Survivors of gender-based violence faced serious obstacles in accessing justice, such as the failure to provide a protected environment for victims during the judicial process. Survivors were often subjected to threats from the prosecution or public, and in many cases withdrew their complaints. According to the Interior Ministry, in 2019, 8,519 cases relating to domestic violence under the Code on Misdemeanours were recorded, but only 554 cases reached the courts (their outcomes were not reported), and 560 were still under investigation. The rest were terminated because the alleged victims withdrew their complaints or petitioned the prosecuting authorities to end the proceedings. According to the Ministry, between January and March 2020, the number of reported cases of domestic violence increased by 65% compared to the same period in 2019. In June, the Code of Criminal Procedure was amended to allow police to detain perpetrators of domestic violence for up to 48 hours.

Human rights defenders

Human rights defenders continued to face harassment and reprisals for their work. Kamil Ruziev, the leader of the human rights organization Ventus in the city of Karakol, was targeted by the criminal justice system in retaliation for his work on behalf of victims of torture. Police arrested him outside a court building in Karakol on 29 May for not having any identification with him, in full knowledge that the relevant document had been deposited in the court building. He was remanded under house arrest on 31 May on a charge of allegedly falsifying a hospital letter presented to a court to explain why he missed an appeal on behalf of one of his clients, even though doctors confirmed that they had issued the letter. The case was ongoing at year’s end.

Prisoners of conscience

Azimjan Askarov died in prison on 25 July reportedly of pneumonia despite repeated calls for his release, including in view of the risk to his health from the COVID-19 pandemic. Azimjan Askarov was sentenced to life imprisonment in September 2010 on false charges and following an unfair trial. He alleged that he had been tortured while in detention.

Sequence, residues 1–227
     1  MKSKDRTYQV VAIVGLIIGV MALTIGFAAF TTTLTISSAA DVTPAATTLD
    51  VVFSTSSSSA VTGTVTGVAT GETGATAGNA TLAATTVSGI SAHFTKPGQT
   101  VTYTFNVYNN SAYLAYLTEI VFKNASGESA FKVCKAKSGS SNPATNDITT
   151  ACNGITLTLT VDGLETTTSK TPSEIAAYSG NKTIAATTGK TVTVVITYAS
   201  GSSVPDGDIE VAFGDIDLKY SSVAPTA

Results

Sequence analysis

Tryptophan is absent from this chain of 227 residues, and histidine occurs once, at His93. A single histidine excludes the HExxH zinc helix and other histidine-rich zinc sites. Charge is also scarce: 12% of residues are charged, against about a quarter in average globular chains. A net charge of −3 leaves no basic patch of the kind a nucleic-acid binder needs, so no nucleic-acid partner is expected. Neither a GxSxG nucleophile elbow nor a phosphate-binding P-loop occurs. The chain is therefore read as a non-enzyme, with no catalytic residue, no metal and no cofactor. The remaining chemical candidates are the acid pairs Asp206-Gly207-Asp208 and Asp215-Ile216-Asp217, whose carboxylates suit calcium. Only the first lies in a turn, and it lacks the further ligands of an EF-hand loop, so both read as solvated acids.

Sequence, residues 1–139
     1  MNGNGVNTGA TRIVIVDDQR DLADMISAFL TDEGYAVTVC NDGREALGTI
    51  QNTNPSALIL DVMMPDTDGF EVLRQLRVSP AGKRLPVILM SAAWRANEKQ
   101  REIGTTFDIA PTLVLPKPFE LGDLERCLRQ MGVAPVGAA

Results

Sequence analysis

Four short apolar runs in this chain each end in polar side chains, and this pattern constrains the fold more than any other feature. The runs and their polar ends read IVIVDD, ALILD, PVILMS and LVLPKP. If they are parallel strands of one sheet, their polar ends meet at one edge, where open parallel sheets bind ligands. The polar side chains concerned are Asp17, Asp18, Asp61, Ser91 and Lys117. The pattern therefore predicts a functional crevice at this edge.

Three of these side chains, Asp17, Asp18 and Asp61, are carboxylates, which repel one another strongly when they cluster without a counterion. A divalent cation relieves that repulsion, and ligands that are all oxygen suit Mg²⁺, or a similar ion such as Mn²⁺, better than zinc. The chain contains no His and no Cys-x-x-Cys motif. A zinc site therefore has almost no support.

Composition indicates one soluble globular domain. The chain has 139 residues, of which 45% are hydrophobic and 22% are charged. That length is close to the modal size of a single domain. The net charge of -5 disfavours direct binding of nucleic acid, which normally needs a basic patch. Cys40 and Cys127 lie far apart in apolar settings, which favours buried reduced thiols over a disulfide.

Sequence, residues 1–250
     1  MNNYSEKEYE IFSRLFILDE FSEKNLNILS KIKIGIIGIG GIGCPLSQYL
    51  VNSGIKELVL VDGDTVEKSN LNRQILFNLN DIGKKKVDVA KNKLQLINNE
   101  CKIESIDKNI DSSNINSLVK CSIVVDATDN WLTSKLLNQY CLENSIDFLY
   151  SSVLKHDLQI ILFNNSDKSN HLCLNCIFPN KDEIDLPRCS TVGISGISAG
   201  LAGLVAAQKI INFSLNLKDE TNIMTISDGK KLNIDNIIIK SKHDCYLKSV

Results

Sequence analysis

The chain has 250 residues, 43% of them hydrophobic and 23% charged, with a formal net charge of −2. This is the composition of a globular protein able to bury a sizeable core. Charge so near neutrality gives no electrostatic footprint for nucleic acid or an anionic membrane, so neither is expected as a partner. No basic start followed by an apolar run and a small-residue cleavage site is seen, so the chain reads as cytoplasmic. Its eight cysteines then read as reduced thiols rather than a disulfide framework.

Freedom of association

In June, Parliament passed at the second reading amendments to the Law on NGOs which would impose additional onerous financial reporting requirements. Failure to comply could result in dissolution. The amendments passed without adequate consultation – civil society’s access to the discussion was limited because of COVID-19 restrictions, and online discussion was not provided. By year’s end, the required final third reading had yet to be timetabled.

Freedom of assembly

On 4 March, the Pervomaisky District Court of Bishkek upheld a decision by the city  authorities to ban a peaceful march to celebrate International Women’s Day on 8 March, on the grounds that measures needed to be taken to prevent the spread of COVID-19. The Court declared that “peaceful demonstrations disturb the stable functioning of everyday life of the capital” and imposed a ban on all assemblies of over 100 people except for official events in Bishkek until 1 July. Police dispersed a peaceful march on 8 March, detained 70 activists and held them for several hours before charging six with the administrative offence of disobeying a police officer. The rally set for 8 March finally went ahead on 10 March, and the ban on peaceful gatherings was lifted until the state of emergency was imposed later that month.